My team also needs communication with me to better assess my constitution to read something motivating from home and from my fans, or to challenge me with calculation examples.
With horror I remember my 24h indoor record in Switzerland. Not only the monotonous circling on the track has driven me insane, not to mention the physical strain, but above all the barely possible communication with my team. The radio systems were simply disturbed by the many interfering signals in the hall and it was very tedious to have a conversation. These 24h were really tougher than any Race Across America. That sounds strange, but Marko Baloh, who held this record before me, said the same thing. The burdens can not be compared, but for the head these are 24h harder than RAAM. There is no change, no intermediate destination like the RAAM (soon we reach the next Timestation or the Halfwaypoint for example). There is only you, the wooden train, 24h in a circle and the fight against dizziness, fatigue, nausea and time.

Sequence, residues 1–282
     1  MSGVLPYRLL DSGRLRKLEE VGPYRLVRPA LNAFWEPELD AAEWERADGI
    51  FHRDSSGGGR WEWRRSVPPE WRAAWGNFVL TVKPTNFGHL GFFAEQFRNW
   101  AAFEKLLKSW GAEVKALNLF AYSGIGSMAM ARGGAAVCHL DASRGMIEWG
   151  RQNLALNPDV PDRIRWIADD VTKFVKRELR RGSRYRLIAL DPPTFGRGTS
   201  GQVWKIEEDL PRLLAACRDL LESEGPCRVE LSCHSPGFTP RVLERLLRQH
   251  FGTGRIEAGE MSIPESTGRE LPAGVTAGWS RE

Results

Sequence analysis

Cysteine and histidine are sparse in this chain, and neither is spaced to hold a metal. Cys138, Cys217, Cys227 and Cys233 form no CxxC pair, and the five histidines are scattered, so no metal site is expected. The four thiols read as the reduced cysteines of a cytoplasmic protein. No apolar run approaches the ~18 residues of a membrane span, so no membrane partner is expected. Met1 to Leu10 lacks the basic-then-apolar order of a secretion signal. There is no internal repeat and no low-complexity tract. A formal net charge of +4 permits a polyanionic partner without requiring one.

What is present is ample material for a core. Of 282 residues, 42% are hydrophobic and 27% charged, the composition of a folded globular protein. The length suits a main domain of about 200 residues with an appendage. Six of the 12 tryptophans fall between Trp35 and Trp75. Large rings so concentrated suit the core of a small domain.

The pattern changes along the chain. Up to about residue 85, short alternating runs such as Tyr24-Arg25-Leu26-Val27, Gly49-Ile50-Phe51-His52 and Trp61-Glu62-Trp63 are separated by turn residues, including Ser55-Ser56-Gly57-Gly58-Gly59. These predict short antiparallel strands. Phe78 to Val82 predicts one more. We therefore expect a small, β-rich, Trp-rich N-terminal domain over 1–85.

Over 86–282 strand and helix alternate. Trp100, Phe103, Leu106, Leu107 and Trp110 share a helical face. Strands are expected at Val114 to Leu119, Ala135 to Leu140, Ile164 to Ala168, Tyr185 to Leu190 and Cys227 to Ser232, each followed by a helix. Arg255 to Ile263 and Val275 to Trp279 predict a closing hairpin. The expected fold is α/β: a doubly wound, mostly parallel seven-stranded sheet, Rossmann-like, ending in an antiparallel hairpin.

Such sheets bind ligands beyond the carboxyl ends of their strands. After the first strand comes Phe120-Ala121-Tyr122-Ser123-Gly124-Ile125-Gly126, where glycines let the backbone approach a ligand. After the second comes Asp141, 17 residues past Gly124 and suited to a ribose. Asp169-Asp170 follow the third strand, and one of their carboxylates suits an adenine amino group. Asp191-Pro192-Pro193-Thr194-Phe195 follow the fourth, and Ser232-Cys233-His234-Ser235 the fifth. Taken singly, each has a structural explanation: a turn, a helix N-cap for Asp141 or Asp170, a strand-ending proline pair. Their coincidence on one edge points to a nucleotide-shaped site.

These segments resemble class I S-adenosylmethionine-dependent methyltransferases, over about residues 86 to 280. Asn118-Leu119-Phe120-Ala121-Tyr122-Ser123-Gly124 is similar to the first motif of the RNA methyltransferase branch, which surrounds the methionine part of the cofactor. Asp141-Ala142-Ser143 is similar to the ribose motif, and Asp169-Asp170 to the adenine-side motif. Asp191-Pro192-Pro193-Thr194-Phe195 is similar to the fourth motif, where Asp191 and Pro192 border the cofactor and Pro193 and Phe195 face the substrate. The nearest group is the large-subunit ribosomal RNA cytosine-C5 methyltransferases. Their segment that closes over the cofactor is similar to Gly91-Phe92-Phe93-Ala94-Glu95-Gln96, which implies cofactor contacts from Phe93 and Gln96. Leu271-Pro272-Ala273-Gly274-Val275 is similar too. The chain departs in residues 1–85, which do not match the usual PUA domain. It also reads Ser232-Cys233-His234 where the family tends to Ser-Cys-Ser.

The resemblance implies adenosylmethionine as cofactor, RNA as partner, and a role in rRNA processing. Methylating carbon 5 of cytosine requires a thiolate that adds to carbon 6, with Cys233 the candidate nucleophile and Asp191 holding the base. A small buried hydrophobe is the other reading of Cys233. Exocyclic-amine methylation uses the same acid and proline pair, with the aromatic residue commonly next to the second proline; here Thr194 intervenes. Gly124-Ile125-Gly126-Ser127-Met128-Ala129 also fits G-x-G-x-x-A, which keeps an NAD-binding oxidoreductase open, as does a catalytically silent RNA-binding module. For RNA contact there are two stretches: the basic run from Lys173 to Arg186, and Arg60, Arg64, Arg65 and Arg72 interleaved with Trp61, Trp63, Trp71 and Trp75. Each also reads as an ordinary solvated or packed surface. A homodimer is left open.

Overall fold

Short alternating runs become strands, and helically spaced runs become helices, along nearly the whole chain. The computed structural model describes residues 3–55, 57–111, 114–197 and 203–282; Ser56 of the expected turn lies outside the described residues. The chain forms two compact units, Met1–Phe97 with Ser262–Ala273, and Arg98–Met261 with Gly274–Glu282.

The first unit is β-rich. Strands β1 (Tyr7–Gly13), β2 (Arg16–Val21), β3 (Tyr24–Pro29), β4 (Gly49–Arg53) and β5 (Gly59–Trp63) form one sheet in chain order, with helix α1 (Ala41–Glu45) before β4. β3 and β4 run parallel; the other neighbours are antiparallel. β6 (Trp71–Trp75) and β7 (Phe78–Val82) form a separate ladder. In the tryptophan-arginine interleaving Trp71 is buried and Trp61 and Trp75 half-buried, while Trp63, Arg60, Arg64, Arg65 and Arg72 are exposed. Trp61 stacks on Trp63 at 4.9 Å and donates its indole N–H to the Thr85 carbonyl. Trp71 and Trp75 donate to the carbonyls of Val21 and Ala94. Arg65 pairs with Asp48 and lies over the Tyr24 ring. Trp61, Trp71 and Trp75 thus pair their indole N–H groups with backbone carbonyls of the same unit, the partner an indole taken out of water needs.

In the end I want to say, that radios on the helmet also improve your safety on the road. Please do not use your mobile phone while riding, this is very dangerous! Take the bluetooth connection to your phone and talk without using your hands.
Stay safe, enjoy riding, and have a great day!